Toyota Motor has decided to provide Guangzhou Automobile Group, a joint venture partner in China, with its gasoline-electric hybrid technology system, Nikkei has learned. This is the first time Toyota will offer its core hybrid technology to a foreign company.
The move follows a decision by China to include hybrid vehicles in the eco-friendly vehicle category under new emissions standards starting next year. At present, hybrid vehicles are treated in the same way as gasoline-powered ones. Japanese companies, including Toyota, hope to take advantage of the new rules to expand sales in China.
The hybrid technology will be provided to Guangzhou Automobile by BluE Nexus, a company jointly owned by Toyota, Denso and Aisin Seiki.
BluE Nexus, which develops and supplies drive systems for hybrid vehicles, has reached an agreement with Guangzhou Automobile on the technology transfer. The Japanese company is also believed to have agreed to offer the technology to Geely, a privately owned Chinese automaker.
Toyota already shares its hybrid technology with Japanese partners such as Mazda and Subaru.
Under the new emissions rules, hybrid vehicles will count as low-emission vehicles, making it easier for Japanese companies, which excel in hybrid technology, to meet China's tight emissions requirements. The rule change has also prompted Chinese automakers to adopt hybrid technology more broadly.
In an effort to expand the market for hybrid cars in China, Toyota has offered specific patented technologies free of charge since the spring of 2019. But that did not lead to a major shift to hybrid models, due in part to the difficulty of making them locally. This prompted calls for Toyota to make the entire hybrid system available to other manufacturers.
Toyota's market share in China remains around 6%, even after it sold a record 1.62 million vehicles last year. It sought to lift sales with the release of an electric vehicle this year, but sold fewer than 2,000 in the first eight months.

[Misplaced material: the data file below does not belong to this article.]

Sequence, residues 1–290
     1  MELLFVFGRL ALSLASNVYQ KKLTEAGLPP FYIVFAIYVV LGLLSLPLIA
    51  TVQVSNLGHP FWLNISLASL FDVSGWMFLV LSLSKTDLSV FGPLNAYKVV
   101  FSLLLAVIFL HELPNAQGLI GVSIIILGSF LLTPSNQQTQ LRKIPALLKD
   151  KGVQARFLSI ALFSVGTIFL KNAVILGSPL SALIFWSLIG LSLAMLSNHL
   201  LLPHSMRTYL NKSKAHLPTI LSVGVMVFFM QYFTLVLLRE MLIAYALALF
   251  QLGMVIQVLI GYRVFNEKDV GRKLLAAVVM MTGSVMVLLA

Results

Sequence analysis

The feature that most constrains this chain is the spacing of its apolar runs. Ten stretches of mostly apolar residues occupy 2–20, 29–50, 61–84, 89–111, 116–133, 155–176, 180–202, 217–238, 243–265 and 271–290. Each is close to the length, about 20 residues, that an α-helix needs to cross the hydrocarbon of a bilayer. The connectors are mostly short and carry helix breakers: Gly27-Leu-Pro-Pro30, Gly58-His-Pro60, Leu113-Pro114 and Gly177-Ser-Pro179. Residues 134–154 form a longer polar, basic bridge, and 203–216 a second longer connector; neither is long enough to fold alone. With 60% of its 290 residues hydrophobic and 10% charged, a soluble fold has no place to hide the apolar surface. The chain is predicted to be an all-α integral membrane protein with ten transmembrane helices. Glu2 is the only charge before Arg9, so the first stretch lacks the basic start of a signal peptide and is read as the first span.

Toyota supplies hybrid vehicles in China through a local joint venture. The automaker has now gone a step further, offering a key technology to a Chinese company in which it has no ownership stake.
Japanese rival Nissan Motor is also beefing up its hybrid vehicle business in China before the new emissions rules take effect.
The company will release a model equipped with its ePower hybrid technology. Nissan intends to make hybrid versions available for five or six of its models over the next three years in China, including its hot-selling Sylphy sedan.
British research specialist LMC Automotive predicts hybrid cars will rise to26% of global sales in 2030, up from 7% in 2020. New emissions rules in Europe are also expected to boost demand for hybrid vehicles.
The share of electric vehicles is also expected to increase, as gasoline vehicles will be banned from the roads by 2035 in the U.K. and by 2040 in France.
In the U.S., the state of California has mandated that all new vehicles must be emissions-free by 2035, which may accelerate the shift to such vehicles, pushing their share in California much higher than the 16% currently forecast. Many predict that a move to zero-emissions vehicles, such as EVs and fuel-cell vehicles, is inevitable in the long term.
In light of the coming changes, Japanese automakers' survival will depend upon whether they are able to develop competitive electric models while hybrid vehicles are still on the market.
Contact editor Marcus Ryder (firstname.lastname@example.org)